Thomas Curtis shone on the Derbyshire greens last year - the Englishman came through Regional Qualifying on one-over par before clinching a spot in The Open from Final Qualifying at The Renaissance Club.
Despite a missed cut at Carnoustie, his progress is typical of the success and esteem present around the club.
The 19th century masterpiece has been redesigned twice since its inception from the ruins of Markeaton Golf Club - once after World War II, and another just three years ago.
It’s typical of the course - and indeed, the club - that steps are consistently taken to maintain its pristine nature.
Even back in 1947, the course length reached 6500 yards - 7300 in modern terms - which set it up for Championship standard, according to general manager Robert Simpson. He added: “We’ve always been a club which has our course right up to scratch.
Improvements set the stage for last year’s Regional Qualifying - which went down a resounding success.
“The players all loved playing here. It wasn’t just the weather, but the very nature of the course itself.” Robert Simpson, CLub Manager
“There’s also lots of oak trees around the course which date back to the 1500s - they’re just one of the quirks that make it special.”
And as Kedleston Park prepares to host the precursor to Final Qualifying for the second successive year, it’s worth remembering that the course has previously played host to a number of prestigious events - and players - in the past.
The Derbyshire greens can boast the hosting of Lee Westwood at the uniquely named Kedleston Goose - a 36-hole scratch competition - as well as the likes of Sir Nick Faldo.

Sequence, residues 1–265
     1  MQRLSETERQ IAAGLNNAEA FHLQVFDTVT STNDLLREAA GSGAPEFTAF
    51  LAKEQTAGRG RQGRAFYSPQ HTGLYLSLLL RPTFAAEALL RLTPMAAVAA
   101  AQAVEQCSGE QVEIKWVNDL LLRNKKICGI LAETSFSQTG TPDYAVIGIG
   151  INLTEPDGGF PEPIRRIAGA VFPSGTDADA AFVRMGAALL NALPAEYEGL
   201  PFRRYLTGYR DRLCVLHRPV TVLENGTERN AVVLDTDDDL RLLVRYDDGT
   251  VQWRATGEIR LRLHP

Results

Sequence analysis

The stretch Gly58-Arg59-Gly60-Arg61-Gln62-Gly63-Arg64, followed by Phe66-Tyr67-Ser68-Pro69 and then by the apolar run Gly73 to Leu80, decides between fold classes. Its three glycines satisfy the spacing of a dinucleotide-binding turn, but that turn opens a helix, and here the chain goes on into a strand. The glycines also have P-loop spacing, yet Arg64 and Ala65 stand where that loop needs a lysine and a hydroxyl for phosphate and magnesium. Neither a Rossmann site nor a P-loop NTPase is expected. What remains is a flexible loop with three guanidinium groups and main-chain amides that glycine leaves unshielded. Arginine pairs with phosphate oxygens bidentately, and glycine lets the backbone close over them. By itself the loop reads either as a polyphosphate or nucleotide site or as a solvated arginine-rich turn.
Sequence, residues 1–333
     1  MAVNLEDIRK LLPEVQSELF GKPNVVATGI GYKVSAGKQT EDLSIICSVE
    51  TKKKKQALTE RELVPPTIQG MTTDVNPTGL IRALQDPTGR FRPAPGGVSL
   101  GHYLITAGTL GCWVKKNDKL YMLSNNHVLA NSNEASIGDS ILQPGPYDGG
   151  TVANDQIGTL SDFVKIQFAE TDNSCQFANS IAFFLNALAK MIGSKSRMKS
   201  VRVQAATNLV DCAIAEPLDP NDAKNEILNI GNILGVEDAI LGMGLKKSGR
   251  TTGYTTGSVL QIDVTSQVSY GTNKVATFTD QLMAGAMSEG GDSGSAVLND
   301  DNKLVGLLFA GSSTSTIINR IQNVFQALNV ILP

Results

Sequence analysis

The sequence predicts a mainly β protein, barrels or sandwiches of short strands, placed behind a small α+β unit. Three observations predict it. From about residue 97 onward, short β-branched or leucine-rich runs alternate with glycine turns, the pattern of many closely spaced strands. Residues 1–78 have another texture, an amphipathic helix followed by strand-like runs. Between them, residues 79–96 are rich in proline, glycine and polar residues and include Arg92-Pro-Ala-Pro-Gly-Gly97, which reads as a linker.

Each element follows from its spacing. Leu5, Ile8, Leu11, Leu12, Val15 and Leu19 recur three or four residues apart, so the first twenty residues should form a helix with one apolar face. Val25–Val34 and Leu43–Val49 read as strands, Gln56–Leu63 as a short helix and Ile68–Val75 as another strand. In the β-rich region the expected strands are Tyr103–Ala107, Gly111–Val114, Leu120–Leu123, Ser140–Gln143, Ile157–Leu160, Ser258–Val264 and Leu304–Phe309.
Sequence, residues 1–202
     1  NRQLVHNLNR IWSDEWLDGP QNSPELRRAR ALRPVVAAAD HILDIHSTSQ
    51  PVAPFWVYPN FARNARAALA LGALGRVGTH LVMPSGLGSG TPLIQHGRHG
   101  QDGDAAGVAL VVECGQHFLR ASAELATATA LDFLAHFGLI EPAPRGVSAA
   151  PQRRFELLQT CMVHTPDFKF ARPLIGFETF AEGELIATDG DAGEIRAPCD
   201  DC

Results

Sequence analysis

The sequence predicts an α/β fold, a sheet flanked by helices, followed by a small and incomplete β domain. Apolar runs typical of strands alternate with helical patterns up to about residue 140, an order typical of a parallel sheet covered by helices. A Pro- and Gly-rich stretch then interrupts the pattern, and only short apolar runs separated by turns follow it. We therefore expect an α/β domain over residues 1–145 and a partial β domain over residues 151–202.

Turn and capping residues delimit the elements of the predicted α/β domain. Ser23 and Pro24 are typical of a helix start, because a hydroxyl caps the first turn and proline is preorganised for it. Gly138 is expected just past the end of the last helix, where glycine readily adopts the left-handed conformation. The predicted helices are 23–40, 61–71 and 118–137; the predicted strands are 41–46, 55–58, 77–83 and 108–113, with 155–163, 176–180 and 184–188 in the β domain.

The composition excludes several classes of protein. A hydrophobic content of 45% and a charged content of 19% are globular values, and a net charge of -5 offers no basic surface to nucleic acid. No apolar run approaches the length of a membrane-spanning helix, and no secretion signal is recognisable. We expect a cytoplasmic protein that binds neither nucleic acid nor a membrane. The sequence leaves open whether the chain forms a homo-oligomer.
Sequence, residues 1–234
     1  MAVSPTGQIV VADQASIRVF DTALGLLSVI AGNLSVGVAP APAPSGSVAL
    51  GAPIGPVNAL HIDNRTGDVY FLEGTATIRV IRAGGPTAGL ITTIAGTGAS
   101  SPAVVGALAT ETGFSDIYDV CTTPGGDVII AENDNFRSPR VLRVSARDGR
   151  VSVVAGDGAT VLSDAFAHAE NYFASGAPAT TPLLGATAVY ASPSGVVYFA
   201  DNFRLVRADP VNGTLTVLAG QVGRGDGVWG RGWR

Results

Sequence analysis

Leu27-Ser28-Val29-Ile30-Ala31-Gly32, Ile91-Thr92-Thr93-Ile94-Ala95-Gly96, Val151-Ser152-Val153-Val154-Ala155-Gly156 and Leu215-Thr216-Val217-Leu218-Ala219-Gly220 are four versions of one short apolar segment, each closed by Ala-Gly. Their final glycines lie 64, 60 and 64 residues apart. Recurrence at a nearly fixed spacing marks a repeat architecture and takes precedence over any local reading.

It has also been the prime choice for amateurs looking to make the step to the next level - Simpson notes that English golfer Bradley Moore developed his craft at Kedleston, much to the club’s credit. 2018 also brought the McGregor Trophy competition to the course - a significant event on the amateur golfing calendar.
With the likes of Justin Rose and Edoardo Molinari gracing the former winner’s alumni, it’s simply another feather in the cap for Simpson and his team. Simpson identifies three particular holes to watch out for - the first being a difficult par-three on the seventh.
With water lurking perilously near the green, it should prove a test for who can hold their mettle on the big stage.
Meanwhile, a dogleg right on the 10th is a testing one - but also one of head professional Ian Walley’s favourites. “The approach shot carries the most danger with a large pond just a yard or two from the left fringe,” he said. “The hole is tree-lined and the undulating green is framed by rhododendron bushes, providing a beautiful backdrop during the early part of the season.”
The hopefuls for The 148th Open at Royal Portrush can look forward to a serene Regional Qualifying on the graceful greens in Derbyshire.